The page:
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Texas Well Owner Network

TEEA 2018 Winner: Education

Texas A&M AgriLife Extension Service; Texas Water Resources Institute

Program Gives Private Well Owners Tools to Protect Themselves and Our State’s Water

Texas Well Owner Network (TWON) helps private well owners maintain safe drinking water by teaching them how to monitor and protect groundwater and surface water. The program, developed by the Texas A&M AgriLife Extension and the Texas Water Resources Institute, is designed for private well owners who depend on household wells for their water needs.

With more than one million private water wells in the state, education and training are essential for ensuring public health and safety. Unlike public drinking water sources that are monitored and regulated under the Safe Drinking Water Act, private well owners are responsible for monitoring and maintaining their wells and are at a greater risk for exposure to compromised water quality.

TWON helps private well owners learn about managing their wells and protecting water quality though workshops and events across the state that cover groundwater and aquifers, well maintenance and construction, improving and protecting water resources, septic system maintenance, water quality, and water treatment.

Participants in the program can also bring in a water well sample from their well to have it screened for pollutants. Based on the screening results, TWON identifies sources of contamination, provides recommendations for remediating well contamination, and helps each well owner design best management practices (BMPs) for their site.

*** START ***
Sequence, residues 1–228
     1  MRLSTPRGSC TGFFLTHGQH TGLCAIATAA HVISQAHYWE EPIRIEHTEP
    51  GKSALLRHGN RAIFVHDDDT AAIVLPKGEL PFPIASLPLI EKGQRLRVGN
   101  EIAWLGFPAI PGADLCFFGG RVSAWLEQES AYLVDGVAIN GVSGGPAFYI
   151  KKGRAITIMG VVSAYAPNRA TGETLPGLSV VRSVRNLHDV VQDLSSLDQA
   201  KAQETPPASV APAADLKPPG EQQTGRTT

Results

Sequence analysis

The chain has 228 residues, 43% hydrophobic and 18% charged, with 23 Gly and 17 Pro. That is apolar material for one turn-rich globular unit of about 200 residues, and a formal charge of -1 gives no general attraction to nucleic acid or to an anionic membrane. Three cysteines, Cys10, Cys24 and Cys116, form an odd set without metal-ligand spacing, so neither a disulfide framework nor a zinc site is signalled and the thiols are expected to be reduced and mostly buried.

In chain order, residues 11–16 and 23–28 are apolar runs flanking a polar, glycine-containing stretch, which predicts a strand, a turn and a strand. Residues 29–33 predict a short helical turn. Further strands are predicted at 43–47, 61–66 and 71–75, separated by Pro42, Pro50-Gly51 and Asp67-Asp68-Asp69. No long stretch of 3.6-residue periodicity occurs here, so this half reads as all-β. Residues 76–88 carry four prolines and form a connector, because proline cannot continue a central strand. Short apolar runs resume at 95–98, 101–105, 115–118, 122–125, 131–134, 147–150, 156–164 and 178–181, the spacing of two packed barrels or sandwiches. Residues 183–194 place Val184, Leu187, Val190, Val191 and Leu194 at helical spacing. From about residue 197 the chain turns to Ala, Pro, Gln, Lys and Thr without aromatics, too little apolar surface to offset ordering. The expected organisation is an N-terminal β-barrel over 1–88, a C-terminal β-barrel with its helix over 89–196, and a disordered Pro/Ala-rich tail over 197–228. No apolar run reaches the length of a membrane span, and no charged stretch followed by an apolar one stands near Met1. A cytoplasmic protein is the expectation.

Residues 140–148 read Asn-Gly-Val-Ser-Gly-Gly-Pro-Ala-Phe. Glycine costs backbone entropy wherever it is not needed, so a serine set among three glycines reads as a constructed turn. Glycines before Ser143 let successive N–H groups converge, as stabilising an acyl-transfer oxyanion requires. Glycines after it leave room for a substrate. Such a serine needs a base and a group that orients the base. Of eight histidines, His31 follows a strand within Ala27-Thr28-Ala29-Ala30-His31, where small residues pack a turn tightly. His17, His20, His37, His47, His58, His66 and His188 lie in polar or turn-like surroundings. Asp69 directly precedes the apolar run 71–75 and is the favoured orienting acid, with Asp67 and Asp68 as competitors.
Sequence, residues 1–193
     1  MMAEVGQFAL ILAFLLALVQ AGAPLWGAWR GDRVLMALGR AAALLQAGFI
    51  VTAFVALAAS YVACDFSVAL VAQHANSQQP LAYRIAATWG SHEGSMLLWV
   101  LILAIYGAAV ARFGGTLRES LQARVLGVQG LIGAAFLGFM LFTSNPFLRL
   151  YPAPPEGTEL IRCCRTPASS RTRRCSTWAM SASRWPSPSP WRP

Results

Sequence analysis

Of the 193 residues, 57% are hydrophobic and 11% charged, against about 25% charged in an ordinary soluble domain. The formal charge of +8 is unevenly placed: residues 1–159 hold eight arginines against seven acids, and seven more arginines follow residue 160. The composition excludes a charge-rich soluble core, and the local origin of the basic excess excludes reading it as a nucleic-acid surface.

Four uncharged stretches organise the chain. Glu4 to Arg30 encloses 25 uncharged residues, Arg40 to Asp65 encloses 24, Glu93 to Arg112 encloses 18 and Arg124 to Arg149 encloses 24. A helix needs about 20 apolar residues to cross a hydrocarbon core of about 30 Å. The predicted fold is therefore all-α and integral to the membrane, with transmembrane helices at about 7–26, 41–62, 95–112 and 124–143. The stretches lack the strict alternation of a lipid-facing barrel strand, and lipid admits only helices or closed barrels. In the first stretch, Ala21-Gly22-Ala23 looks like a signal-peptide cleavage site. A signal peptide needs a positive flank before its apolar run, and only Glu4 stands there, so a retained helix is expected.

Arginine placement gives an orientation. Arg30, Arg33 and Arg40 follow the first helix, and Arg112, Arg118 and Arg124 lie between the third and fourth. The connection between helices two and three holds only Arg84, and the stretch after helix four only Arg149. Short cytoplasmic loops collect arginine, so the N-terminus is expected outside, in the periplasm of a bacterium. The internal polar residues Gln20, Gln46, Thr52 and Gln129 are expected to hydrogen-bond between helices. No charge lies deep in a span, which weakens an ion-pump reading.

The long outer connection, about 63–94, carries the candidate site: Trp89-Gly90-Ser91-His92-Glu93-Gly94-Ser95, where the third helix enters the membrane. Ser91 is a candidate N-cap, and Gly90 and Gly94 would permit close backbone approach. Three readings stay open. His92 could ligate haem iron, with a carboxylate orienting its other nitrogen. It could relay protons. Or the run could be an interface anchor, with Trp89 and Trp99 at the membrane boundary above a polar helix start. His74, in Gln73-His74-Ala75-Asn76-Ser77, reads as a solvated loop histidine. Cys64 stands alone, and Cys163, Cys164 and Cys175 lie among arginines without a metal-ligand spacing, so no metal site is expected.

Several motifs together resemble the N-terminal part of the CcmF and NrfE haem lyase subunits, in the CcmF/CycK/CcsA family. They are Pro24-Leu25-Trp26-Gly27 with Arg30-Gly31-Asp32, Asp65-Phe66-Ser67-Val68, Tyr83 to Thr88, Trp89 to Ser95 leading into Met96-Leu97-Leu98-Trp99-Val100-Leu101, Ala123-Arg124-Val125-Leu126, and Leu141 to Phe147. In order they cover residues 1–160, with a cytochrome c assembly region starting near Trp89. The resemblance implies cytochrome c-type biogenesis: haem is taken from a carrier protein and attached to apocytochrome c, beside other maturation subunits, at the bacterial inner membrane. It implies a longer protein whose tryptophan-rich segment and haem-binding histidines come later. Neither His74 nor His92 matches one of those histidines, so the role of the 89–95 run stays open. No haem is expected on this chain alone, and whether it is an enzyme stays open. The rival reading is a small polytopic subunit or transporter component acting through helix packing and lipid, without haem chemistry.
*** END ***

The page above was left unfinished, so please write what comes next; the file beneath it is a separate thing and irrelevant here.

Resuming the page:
Since TWON’s inception, 7,813 private well owners have benefited from the program’s well screenings and events. By educating well owners, TWON helps prevent contamination of surface and groundwater resources while protecting the health of people who use these private wells. Additionally, participants gain a better understanding of the relationship between practices that are in or near wells and the quality of water available for drinking and irrigation.

In the aftermath of Hurricane Harvey, TWON demonstrated what it means to be an environmental leader by providing rapid response for water well screenings. Through collaborative efforts with partners, they stepped-in to provide more than 1,200 additional test opportunities for well owners affected by the hurricane.

TWON teaches private well owners how to be good stewards of the environment by using BMPs to reduce their impact on the state’s water supply and to prevent contamination of surface waters and aquifers. The program is more than just an environmental education program—it represents the importance of fostering environmental stewardship in a community to protect public health and our natural resources.